The Bad Stripe Table (BST) provides a means of recovering most data on a logical drive after multiple hardware errors prevent access to a logical drive stripe. An entry in the BST indicates that the data contained in a stripe has been lost.
While many conditions can produce a Bad Stripe Table entry, the most common cause is an error accessing one of the stripe units within a stripe of a critical logical drive. A single stripe unit failure is correctable and recoverable but two or more failures within the same redundant RAID stripe are not.
For example, in a critical RAID-5 array, in which one of the drives in the array is defunct, a stripe will be marked bad with an entry in the BST if a non-recoverable media error occurs when accessing one of the other drives of the array.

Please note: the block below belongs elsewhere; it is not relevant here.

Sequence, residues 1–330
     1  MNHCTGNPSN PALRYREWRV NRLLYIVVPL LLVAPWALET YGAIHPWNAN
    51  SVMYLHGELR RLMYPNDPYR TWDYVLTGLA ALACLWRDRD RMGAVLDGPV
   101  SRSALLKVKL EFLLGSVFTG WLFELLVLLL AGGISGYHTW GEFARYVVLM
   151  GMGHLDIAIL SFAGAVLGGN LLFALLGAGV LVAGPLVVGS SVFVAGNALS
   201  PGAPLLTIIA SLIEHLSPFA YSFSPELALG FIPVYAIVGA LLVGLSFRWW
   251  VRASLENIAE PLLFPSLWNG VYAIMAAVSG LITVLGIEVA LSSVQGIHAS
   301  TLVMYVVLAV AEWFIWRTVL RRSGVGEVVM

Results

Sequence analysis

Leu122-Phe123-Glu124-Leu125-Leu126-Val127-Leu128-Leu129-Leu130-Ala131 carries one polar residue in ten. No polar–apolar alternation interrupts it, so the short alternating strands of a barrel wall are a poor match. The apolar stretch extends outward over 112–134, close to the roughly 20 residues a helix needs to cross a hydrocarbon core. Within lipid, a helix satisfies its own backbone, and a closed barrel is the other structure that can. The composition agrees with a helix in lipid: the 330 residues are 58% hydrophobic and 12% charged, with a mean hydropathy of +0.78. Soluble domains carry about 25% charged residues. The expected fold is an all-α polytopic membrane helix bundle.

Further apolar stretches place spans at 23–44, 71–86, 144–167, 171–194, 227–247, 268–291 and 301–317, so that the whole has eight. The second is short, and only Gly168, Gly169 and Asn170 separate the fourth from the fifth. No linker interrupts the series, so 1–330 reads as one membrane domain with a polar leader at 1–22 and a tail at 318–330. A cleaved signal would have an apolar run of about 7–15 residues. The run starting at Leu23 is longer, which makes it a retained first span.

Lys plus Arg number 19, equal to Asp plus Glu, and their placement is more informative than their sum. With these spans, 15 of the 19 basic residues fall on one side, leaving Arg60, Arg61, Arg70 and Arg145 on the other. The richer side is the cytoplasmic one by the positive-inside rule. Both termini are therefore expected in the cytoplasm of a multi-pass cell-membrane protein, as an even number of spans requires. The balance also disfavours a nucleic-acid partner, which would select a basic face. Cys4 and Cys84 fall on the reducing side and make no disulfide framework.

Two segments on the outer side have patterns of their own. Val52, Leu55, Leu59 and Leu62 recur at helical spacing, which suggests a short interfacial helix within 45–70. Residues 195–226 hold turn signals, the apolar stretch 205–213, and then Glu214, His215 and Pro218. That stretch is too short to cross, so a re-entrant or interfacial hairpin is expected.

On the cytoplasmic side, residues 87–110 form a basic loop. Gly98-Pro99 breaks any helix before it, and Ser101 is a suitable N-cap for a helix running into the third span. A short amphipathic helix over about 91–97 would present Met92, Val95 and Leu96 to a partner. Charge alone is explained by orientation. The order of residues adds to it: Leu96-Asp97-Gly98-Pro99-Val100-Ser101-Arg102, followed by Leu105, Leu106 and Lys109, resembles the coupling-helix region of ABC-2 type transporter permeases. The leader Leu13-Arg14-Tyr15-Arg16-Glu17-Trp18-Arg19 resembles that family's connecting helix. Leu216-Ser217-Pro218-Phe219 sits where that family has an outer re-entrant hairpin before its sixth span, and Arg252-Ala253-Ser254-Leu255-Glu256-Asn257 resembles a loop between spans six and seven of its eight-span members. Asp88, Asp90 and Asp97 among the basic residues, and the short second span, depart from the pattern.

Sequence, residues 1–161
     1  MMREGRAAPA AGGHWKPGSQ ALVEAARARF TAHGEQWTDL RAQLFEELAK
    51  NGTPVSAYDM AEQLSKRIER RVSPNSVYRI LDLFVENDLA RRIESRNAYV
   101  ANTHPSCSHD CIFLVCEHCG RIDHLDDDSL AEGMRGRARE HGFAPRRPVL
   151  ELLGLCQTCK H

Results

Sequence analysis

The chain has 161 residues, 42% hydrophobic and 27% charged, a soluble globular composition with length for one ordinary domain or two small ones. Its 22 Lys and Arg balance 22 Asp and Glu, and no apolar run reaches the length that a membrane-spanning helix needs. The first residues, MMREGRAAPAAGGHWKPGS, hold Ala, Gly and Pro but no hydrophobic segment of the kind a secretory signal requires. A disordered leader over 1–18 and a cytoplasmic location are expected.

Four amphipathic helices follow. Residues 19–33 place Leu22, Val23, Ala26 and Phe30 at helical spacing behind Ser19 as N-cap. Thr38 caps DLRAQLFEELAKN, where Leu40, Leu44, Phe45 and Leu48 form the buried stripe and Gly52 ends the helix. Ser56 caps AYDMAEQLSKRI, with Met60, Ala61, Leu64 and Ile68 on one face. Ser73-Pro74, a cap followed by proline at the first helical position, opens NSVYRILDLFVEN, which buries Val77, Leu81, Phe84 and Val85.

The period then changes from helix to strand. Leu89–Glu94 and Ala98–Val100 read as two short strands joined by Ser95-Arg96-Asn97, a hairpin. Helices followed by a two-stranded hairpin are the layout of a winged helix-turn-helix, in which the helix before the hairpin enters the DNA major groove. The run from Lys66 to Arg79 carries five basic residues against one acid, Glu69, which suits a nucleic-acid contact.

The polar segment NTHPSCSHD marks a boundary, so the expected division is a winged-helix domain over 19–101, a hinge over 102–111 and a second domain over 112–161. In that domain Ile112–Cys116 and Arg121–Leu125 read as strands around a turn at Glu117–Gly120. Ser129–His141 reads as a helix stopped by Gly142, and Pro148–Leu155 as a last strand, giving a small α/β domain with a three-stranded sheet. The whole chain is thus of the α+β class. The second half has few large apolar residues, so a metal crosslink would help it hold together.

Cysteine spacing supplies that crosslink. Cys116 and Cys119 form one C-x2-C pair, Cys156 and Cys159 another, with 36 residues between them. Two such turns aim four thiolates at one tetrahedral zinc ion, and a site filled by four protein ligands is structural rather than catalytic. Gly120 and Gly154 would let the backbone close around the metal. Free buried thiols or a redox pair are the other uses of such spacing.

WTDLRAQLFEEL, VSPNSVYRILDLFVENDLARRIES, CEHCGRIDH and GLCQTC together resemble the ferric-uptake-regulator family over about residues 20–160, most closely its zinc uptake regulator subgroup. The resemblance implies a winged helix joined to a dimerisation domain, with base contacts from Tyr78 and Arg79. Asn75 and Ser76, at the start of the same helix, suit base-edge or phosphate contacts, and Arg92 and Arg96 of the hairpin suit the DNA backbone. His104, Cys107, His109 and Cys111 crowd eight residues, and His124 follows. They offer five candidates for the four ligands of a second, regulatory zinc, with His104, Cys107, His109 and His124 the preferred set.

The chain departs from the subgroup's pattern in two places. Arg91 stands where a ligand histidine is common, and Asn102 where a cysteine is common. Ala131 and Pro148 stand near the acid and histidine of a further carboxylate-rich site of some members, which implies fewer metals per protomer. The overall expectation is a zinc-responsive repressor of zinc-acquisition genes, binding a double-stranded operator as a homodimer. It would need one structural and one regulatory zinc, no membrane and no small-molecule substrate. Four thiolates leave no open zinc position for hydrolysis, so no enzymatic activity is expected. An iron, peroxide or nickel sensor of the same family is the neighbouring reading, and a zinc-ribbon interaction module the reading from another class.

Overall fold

Once an entry is logged in the BST, the controller will return an error code to the driver whenever the host system tries to access a Logical Block Address (LBA) within the affected stripe. This is one immediate indication that some part of the logical drive is unusable.
Note: It is not possible to correlate the bad stripe with a specific file in the operating system.
Check the ServeRAID Manager event logs to identify the affected logical drive(s).
Because the data has been lost, the only way to recover from this condition is to do the following:
1. Delete the array.
2. Recreate the array and its logical drives.
3. Restore the data from backup media.